His 1923 work, “Nahui Olin,” achieved a price realized of $63,500*. Carmen Mondragón, a Mexican poet known for her transformation into Nahui Olin, is immortalized in this captivating portrait captured by Weston as part of his “Heroic Heads” series, a collection of photographs featuring intellectual friends from the artistic and cultural circles in which he and his companion, Tina Modotti, moved during their time in Mexico. This striking image was considered one of Weston’s most successful works from his Mexican period.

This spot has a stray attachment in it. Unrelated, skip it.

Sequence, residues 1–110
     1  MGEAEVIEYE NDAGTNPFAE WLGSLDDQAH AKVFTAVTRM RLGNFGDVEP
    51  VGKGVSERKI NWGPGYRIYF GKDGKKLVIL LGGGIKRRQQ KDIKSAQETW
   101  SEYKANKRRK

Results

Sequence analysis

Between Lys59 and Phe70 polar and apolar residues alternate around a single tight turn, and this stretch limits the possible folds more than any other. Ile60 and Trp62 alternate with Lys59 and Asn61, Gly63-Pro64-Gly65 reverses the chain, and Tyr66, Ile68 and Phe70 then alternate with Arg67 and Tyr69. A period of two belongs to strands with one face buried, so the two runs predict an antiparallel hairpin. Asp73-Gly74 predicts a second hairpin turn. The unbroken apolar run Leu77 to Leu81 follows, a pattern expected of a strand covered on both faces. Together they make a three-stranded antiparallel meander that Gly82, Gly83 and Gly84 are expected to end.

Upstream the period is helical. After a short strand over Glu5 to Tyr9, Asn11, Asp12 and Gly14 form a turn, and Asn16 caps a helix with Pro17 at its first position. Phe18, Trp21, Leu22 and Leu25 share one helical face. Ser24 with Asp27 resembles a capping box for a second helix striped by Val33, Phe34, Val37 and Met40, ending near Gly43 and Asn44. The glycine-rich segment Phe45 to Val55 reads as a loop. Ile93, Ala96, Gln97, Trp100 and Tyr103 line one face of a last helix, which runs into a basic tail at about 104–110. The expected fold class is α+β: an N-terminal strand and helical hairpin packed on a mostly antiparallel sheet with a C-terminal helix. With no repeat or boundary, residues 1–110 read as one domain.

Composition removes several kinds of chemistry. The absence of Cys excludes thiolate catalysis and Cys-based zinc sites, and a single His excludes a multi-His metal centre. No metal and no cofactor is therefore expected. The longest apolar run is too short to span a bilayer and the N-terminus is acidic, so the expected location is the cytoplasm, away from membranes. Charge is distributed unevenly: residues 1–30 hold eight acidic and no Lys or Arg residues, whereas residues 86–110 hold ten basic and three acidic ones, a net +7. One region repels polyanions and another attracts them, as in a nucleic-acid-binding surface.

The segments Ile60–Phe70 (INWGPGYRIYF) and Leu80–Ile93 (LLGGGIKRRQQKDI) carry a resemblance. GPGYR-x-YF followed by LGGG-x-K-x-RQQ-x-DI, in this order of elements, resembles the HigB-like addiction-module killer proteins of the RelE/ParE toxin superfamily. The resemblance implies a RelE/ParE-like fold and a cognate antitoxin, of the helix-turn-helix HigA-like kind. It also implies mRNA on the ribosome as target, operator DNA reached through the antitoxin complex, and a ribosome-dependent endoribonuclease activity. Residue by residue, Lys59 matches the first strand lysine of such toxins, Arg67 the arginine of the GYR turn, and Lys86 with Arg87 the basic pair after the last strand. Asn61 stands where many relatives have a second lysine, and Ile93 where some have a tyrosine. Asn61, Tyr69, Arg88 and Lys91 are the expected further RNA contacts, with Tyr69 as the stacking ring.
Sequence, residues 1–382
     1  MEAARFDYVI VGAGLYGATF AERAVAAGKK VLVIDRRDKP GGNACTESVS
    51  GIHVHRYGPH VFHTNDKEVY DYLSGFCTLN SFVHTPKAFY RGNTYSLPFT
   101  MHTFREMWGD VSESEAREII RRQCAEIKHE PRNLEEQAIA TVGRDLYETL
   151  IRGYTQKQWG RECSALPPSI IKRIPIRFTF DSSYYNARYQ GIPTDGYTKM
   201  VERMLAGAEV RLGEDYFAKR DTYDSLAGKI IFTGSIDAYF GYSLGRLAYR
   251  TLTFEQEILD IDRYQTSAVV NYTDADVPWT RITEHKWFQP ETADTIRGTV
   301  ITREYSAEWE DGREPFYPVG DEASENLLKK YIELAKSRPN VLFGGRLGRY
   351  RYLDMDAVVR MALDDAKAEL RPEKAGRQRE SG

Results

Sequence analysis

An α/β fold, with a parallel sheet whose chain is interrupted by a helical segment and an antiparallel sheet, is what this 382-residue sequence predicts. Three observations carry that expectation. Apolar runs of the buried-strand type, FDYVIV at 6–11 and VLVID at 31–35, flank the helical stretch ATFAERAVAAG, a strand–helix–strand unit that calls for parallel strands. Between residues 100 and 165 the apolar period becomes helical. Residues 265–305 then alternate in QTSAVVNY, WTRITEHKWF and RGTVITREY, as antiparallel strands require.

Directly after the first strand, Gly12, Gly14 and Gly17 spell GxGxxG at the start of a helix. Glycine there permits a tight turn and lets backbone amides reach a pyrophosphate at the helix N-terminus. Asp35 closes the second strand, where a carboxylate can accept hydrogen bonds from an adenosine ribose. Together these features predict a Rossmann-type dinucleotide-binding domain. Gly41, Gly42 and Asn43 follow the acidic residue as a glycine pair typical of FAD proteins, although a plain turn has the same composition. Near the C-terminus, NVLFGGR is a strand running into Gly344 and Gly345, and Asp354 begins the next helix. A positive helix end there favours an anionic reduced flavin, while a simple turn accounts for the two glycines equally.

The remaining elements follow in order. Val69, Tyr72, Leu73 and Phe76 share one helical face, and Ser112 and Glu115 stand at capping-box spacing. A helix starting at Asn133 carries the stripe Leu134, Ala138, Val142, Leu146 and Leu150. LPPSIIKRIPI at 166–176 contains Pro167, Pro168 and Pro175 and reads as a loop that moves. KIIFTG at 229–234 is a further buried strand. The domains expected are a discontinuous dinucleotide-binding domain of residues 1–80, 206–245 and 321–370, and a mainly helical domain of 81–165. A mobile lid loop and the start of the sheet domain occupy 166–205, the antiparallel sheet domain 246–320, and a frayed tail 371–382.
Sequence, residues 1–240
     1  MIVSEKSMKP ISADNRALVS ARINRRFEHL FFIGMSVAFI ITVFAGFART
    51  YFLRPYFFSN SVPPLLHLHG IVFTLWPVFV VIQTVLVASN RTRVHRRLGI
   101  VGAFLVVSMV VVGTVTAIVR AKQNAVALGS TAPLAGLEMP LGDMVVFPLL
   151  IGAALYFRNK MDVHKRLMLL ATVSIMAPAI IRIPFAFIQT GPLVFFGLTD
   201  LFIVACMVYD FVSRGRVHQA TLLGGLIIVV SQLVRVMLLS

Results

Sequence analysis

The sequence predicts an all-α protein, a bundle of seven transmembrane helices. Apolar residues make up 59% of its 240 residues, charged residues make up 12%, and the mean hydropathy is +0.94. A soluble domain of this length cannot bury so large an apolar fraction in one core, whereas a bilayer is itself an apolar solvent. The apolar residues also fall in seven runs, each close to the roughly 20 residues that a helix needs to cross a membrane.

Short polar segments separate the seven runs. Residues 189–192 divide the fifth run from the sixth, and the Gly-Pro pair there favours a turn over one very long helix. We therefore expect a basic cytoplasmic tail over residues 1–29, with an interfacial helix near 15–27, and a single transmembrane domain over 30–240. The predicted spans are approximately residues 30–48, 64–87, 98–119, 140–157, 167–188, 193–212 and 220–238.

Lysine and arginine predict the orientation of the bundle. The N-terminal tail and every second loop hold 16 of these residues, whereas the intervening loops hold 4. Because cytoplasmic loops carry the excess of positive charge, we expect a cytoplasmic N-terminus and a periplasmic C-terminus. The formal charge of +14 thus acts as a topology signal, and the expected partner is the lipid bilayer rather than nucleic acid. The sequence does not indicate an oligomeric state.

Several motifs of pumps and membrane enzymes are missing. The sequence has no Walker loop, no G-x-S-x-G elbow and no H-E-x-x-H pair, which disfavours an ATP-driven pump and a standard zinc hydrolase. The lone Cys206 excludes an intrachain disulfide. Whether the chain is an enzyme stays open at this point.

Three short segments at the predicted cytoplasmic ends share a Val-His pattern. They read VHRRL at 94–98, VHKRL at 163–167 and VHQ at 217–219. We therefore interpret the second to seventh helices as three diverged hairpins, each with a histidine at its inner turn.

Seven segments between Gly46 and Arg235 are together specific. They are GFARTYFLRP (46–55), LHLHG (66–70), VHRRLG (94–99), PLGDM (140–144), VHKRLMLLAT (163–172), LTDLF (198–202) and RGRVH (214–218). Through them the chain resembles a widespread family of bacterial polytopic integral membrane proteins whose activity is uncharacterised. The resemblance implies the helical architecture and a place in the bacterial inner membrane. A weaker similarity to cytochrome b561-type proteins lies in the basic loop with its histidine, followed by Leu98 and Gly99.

Lot 16 offered another Cunningham, “Rubber Plant 3,” circa 1929. After multiple bids were placed, this work earned a surprising $31,750*. This print is likely one of the earliest versions, and currently, it’s the only known print from this negative on this specific smooth, glossy photographic paper. While Cunningham’s “Two Callas” showcases a full frame of blossoms, leaves, and stamen, “Rubber Plant 3” exemplifies minimalism, emphasizing the plant’s sculptural leaves against a dark background. “Two Callas” and “Rubber Plant 3” in the Frederick Davis Collection may seem quite different at first glance, but their harmonious relationship becomes apparent when viewed together.